Cambridge Compliments

HELEN CAHILL wants a uni-wide sabotage of Cambridge Compliments, the latest pointless gimmick to hit Facebook.

Cambridge Compliments editor Facebook john bardsley Tab

Is Cambridge Compliments the new Father Christmas of Facebook? It claims to be ‘spreading joy’ throughout the student body. If it manages to convince you though, you’re probably deluded or drunk – in other words, you have the mental capacity of a child.

For those who are unaware, the idea is to submit a few kind sentences about someone, and then they’ll add that person and tag them in a status with your message. This tribute then lingers on the newsfeed of anyone else mindless enough to accept Cambridge Compliments’ friend request, like the left-overs of cheesy chips bought after a night out.

Apparently, this counts as ‘spreading joy’. Presumably, the delight felt by the message’s receiver is meant to be shared by everyone that reads it. See for yourself by looking at these:

If you’re not Steph or Sarah and one of those made your day, you must have had a bad one. If not, then you’re too easily pleased. In what world does a status like this really deserve five likes? I read them with indifference, as I’m sure many people do. Why do the naïve inventors of Cambridge Compliments think that constantly broadcasting small acts of kindness will make us all jubilant? When I think of good ways to please masses of people, Jesus converting water into wine springs to mind. Cambridge Compliments is the equivalent of Christ giving one person a glass of wine, and then shouting about it to everyone else.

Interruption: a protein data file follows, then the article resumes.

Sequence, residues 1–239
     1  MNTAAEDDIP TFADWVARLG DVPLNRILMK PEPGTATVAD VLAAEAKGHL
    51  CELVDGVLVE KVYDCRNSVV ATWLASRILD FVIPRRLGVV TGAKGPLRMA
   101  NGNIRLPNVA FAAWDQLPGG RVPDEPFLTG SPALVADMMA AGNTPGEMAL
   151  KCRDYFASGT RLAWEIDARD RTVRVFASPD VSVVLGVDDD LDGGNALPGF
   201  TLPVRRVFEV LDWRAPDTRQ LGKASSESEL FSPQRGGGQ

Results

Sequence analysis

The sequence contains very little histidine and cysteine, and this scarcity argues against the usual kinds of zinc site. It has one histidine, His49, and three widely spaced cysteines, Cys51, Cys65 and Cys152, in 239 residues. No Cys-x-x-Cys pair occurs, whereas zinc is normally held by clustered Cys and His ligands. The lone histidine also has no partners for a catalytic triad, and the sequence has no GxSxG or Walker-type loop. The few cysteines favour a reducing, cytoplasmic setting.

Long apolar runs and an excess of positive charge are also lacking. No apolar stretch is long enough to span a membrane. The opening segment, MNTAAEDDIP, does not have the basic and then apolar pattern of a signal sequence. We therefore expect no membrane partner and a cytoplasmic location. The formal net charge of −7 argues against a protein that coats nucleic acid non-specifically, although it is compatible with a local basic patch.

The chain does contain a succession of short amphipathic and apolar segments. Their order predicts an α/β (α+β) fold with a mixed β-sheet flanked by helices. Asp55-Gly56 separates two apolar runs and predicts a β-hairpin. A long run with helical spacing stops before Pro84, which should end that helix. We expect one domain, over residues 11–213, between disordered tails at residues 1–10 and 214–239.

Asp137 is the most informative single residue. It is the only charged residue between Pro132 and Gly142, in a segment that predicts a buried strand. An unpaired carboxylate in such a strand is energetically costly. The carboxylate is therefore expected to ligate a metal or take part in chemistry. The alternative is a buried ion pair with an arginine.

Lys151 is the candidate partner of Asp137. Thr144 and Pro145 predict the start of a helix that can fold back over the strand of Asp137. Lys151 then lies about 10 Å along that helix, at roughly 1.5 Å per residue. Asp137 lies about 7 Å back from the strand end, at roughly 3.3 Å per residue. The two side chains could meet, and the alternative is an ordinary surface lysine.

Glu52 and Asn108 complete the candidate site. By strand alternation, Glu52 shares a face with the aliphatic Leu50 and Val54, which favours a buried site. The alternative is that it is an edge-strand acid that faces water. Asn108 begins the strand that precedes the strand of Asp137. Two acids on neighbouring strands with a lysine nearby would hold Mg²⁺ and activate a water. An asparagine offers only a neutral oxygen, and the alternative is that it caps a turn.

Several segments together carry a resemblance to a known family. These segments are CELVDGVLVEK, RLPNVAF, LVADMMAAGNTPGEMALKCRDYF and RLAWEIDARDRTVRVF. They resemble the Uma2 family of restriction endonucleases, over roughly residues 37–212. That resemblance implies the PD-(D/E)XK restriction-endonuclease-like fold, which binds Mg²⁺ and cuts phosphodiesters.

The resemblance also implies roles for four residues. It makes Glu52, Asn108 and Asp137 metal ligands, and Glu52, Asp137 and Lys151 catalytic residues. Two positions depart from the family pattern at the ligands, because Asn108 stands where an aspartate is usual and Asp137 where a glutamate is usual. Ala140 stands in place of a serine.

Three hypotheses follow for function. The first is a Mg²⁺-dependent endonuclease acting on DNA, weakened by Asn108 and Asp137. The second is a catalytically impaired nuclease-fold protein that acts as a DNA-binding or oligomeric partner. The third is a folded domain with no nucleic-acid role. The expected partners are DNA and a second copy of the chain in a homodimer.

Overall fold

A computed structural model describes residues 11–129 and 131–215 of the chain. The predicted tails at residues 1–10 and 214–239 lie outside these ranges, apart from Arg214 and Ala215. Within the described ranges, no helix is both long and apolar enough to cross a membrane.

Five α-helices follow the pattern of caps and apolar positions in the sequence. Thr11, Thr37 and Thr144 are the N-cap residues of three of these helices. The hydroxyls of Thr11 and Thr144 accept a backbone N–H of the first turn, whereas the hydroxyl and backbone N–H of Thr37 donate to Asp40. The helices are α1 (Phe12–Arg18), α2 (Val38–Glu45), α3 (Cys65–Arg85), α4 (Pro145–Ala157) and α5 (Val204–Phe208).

Not only is this service ineffective, its very existence is just insulting; it implies is that we’re unable to express goodwill without Facebook. Are we all dumb-struck toddlers at risk of wetting ourselves if we praise someone in public? Then, having failed to communicate in the real world, we’re incapable of using the functions Facebook already provides. Perhaps we’re too stupid to find the @ sign on our keyboard, so we can tag someone in a status of our own. Or, like a shy teenager who gets friends to approach girls for him, we’d rather remain anonymous when telling someone we like them.

Either way, we have to get somebody else to send our message. So, Cambridge Compliments becomes a Facebook postman – making it as ludicrous as a horse-drawn car. Funnily enough, this unnecessary addition to Facebook describes itself as a ‘social project’. Not only is the idea of an online university love-in unoriginal, Cambridge Compliments is dependent on the first and best version ever created. So, like a flesh-eating zombie from 28 days later, they’re parasitic on what they’re imitating. Only somebody too young to know who Mark Zuckerberg is wouldn’t appreciate the irony.

I would say that the answer to my original question is ‘yes’. Cambridge Compliments, like Father Christmas, is a charming fantasy. Maybe an infant could find it amusing, useful or clever. It would be patronising to suggest that any student take it seriously, though. We’re only amused by the finer things in life, like swaps and Cindies. So, unless you have the intellect of a child, I would say a fair response is sabotage. There have been a few attempts already, but here’s my personal favourite that had one member of the Tab team reeling.